FIG. 4B illustrates an intensity profile resulting from adding and squaring the electric field strengths of pixels in the first row of FIG. 4A according to an embodiment of the present invention.
FIG. 5 illustrates a method for selecting a linearization exponent according to an embodiment of the present invention.
FIG. 6 compares the signal-to-noise ratio versus imaging aperture according to the various equalization schemes discussed.
Like numbers are used throughout the figures.
DESCRIPTION OF EMBODIMENTS
Methods and systems are provided for equalizing holographic image pages and for compensating nonlinearity of a holographic data storage system. The following description is presented to enable any person skilled in the art to make and use the invention. Descriptions of specific techniques and applications are provided only as examples. Various modifications to the examples described herein will be readily apparent to those skilled in the art, and the general principles defined herein may be applied to other examples and applications without departing from the spirit and scope of the invention. Thus, the present invention is not intended to be limited to the examples described and shown, but is to be accorded the widest scope consistent with the principles and features disclosed herein.
In a holographic data storage system, the detector (camera) is typically aligned with the holographic image during a read operation such that each pixel in the image is centered on a single pixel on the detector. This alignment process is generally referred to as “pixel matching.” The objective of “pixel matching” is to sample the holographic images of data-containing holograms on the detector in a manner that preserves the information content so that the detected image that have a low bit error rate (BER). Pixel misalignment may occur because one or more components of the holographic data system may be translated or rotated causing translational, tilted, rotational, magnification, or defocusing errors in the detected image. Misalignment, unless otherwise indicated, may refer to one or more of translational, tilt, rotational, magnification, or defocusing errors of the detected image.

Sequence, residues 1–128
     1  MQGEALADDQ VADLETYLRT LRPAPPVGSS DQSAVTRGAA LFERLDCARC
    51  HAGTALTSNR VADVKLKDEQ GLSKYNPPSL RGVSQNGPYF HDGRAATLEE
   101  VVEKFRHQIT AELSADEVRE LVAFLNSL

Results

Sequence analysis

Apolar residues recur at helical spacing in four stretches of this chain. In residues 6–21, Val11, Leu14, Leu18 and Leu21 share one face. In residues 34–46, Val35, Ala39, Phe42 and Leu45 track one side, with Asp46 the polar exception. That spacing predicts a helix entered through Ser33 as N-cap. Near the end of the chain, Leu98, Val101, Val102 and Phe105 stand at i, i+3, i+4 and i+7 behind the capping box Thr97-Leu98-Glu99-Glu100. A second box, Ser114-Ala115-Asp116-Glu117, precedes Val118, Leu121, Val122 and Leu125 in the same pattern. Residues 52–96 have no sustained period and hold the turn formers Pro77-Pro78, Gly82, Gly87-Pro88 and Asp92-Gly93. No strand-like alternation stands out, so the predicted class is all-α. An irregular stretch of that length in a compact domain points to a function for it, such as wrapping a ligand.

Equalizing a Holographic Image Page
FIG. 1 illustrates a holographic data storage system according to an embodiment of the present invention. The holographic data storage system includes a light source 110, a first lens 112, a beam splitter 114, a SLM 116, a first microcontroller 117. The holographic data storage system further includes a first mirror 118, a second lens 120, a storage medium 124, a third lens 126, a detector 128, a second microcontroller 129, a second mirror 130, a microprocessor 136 and a memory 138. The memory 138 comprises an operating system 140, an application layer 141, an equalization module 142 and a linearization module 143.
In one embodiment, the light source 110 is a laser for providing a coherent beam of light. The beam splitter 114 is positioned to split the laser beam into an object beam and a reference beam. The object beam is directed to the SLM 116 where it is encoded, for example, by an encoding unit within the first microcontroller 117. The object beam is encoded with data associated with a data page that creates a two-dimensional image signal. The signal beam, modulated with the data page image, is then directed to the recording storage medium 124 via the first mirror 118.
The first microcontroller 117 may include software and/or hardware capable of encoding data sequences into pixel values by appropriately addressing the array of addressable elements of the SLM 116. The first microcontroller 117 may also encode various registration marks or known pixel patterns for determining misalignments, i.e., rotation, translation, and the like of the SLM 116, storage medium 124, or detector 128. For example, the first microcontroller 117 may include an encoder and/or a decoder, or the like, and may address the SLM 116 and detector 128 through firmware commands or the like.
The microprocessor 136 communicates (as indicated by the double arrow) with the first microcontroller 117 as well as the memory 138 and other components of the system.
The memory 138 may include high-speed random access memory and may include non-volatile memory, such as a flash RAM. The memory 138 may also include mass storage that is remotely located from the microprocessor 136. The memory 138 preferably stores:
an operating system 140 that includes procedures for handling various basic system services and for performing hardware dependent tasks; and